Breakwithanarchitect: What would you advise a construction professional or a company that is just starting with BIM?


Marzia: If you are at the beginning of your journey on digitalization, do not feel it is something too complicated that does not involve you or your company: there is lots of material available to support you including the BIM Dictionary that has been translated in 21 languages so far! Join the digital innovation, it is for all: yes, you included!


As task group leader at CEN TC 442 on Level of Information Need, I would like to remind all that the first part of the standard will be published this year. Experts from 11 European countries worked on that in order to improve the current way that we define and use “LOD” in our projects. I hope you will find it useful!


Finally, always remind that BIM is about Technology, Process and Policy. If we apply technology to wrong processes and policies, we are not innovating; we are just facilitating an inefficient way of working! For this reason, do not be afraid to think and do differently.


Breakwithanarchitect: From your own experience, can BIM implementation actually save cost and time in a construction project and why?


Marzia: Yes it does, especially if we consider the entire lifecycle, and not just a single aspect. In the last project I worked on for example, the time spent to design 9 different building typologies has been decreased of 75% ensuring consistent information. Of course this cannot be achieved from one day to another: you need to have the right technology, processes and policies in place and most important, the right people. The project team and the client need to understand the process and be committed to work differently. Also the contractual and legal aspects must be taken into account. As discussed before, clear requirements are key, just asking for “BIM” does not help to achieve measurable results.


Breakwithanarchitect: What are the main challenges of BIM adoption in Europe?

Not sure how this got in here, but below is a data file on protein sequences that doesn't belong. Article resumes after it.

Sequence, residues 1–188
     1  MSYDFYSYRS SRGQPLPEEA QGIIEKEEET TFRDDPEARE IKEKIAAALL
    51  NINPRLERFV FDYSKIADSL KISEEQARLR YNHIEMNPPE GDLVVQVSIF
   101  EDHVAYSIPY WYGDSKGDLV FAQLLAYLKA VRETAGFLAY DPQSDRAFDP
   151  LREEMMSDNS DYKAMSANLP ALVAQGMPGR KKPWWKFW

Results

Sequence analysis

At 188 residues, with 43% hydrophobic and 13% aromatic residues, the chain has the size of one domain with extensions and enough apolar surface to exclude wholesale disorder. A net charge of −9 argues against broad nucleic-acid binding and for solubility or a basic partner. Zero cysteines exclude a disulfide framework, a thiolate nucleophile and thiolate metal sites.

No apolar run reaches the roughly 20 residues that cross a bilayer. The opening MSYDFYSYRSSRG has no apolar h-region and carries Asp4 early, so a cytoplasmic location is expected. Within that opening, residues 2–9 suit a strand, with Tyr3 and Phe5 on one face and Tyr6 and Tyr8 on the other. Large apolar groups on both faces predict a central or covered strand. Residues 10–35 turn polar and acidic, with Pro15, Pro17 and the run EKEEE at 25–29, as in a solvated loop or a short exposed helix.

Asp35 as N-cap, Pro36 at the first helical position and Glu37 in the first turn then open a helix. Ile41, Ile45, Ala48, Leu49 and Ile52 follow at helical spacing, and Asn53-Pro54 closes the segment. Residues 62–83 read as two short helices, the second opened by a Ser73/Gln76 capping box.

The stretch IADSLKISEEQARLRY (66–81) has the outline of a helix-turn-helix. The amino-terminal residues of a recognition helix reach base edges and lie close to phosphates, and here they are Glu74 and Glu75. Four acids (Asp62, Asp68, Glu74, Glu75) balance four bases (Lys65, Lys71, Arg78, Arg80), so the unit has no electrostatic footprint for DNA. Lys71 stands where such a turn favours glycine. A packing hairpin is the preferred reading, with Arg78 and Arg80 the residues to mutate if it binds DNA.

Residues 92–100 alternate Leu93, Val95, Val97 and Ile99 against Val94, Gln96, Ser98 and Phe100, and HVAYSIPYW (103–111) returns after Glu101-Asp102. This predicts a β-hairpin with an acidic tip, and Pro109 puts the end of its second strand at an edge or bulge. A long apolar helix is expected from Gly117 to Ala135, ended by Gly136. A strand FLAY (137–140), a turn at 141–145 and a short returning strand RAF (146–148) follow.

Marzia: The European situation is quite heterogeneous. There are countries, especially in Scandinavia, where the adoption of BIM is already advanced for both buildings and infrastructure. In other countries such as UK, Germany, France, Italy and Spain the sector is moving in that direction also thanks to the Government mandates and initiatives. This differences are also mirrored in the education system: in some countries BIM is already integrated in the university curricula and students are used to work collaboratively while in others parts of Europe BIM is offered as separate master and not in undergraduate and graduate courses.


In last years, several European initiatives have been undertaken in order to create common standards and understanding of BIM across the European market. Different organization and institutions have been involved including the European Parliament, the European Committee for Standardization CEN TC 442 and other European associations such as the EU BIM Task Group, European Builders Confederation (EBC)/Small Business Standards (SBS), European Construction Industry Federation (FIEC), Architects’ Council of Europe (ACE) and European Federation of Engineering Consulting Association (EFCA).


I really believe that we need to actively work at European level and I hope Greece will be more active in these initiatives as well!


Dr. Marzia Bolpagni

Digital Strategy Advisor at Mace


You can connect with Marzia on Linkedin and Twitter.


#Interview by Panagiotidou Nicoleta, BIM specialist for Breakwithanarchitect